We turn, therefore, to plaintiffs' allegations of error with respect to the district court's conclusion that the Federal Railroad Safety Act authorizes the FRA to issue preemptive accident reporting regulations. Applying the test set forth in Florida Lime Avocado Growers, Inc. v. Paul, 373 U.S. 132, 83 S.Ct. 1210, 10 L.Ed.2d 248 (1963), plaintiffs maintain that Congress did not "unmistakably ordain", and the nature of accident reporting requirements does not require, that state reporting requirements be preempted. Rather, they assert, the Federal Railroad Safety Act contemplates concurrent state and federal regulation in the accident reporting and railroad safety field. On the other hand, defendants contend and the district court concluded that the express language and legislative history underlying the Federal Railroad Safety Act both manifest an intent on the part of Congress to provide a nationally uniform system of railroad safety regulations, a goal which can only be achieved through the preemption of state requirements.
Our analysis commences with the language of the Federal Railroad Safety Act itself, which provides in pertinent part:
§ 434. National uniformity of laws, rules, regulations, orders, and standards relating to railroad safety; State regulation
The Congress declares that laws, rules, regulations, orders, and standards relating to railroad safety shall be nationally uniform to the extent practicable. A State may adopt or continue in force any law, rule, regulation, order, or standard relating to railroad safety until such time as the Secretary has adopted a rule, regulation, order, or standard covering the subject matter of such State requirement. A State may adopt or continue in force an additional or more stringent law, rule, regulation, order, or standard relating to railroad safety when necessary to eliminate or reduce an essentially local safety hazard, and when not incompatible with any Federal law, rule, regulation, order, or standard, and when not creating an undue burden on interstate commerce.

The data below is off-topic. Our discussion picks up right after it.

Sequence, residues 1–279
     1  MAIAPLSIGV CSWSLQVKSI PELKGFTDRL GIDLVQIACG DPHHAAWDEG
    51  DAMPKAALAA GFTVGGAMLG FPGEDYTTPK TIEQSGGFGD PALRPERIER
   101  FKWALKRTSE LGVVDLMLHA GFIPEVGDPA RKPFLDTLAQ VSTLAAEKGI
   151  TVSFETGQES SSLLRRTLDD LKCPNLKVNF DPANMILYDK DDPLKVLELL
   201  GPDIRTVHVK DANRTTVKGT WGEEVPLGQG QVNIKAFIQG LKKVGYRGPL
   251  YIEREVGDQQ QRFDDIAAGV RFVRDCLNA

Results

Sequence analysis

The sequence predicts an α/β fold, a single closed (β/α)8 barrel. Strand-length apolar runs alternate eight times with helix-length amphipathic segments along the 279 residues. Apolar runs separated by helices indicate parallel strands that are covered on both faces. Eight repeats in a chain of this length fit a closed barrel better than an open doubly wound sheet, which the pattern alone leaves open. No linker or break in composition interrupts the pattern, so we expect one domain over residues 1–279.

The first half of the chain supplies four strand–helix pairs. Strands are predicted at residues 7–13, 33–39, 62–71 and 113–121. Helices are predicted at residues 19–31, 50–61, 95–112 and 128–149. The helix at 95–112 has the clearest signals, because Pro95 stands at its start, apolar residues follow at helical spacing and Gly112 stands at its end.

45 U.S.C. § 434.
Section 434 expressly declares that a primary objective of the Act is the establishment of a nationally uniform system of regulation in the rail safety field. State adopted regulations, with the exception of those which are designed to eliminate an essentially local safety hazard, are permitted to continue in force only until such time as a federal regulation covering the same subject matter is promulgated. We believe these statutory provisions evince, as the district court determined, a "total preemptive intent."
Our conclusion that the Act was intended to preempt the field of rail safety is confirmed by the legislative history. The House Committee on Interstate and Foreign Commerce, to whom the bill was referred, concluded in its report that safety in the nation's railroads would not be advanced by subjecting the national rail system to a variety of enforcement and conflicting requirements in 50 different jurisdictions. 1970 U.S. Code Cong. Admin. News, p. 4109. Notwithstanding its conclusion that there was a need for national uniformity in this area, the Committee approved a recommendation "that existing State requirements remain in effect until preempted by Federal action." Id. at 4108. This limitation was to be effective, however, only until federal regulations were promulgated to supersede the state requirements then in effect. It was clearly understood that "[o]nce the [FRA] has prescribed a uniform national standard the State would no longer have authority to establish Statewide standards with respect to rail safety." Id. at 4116-17.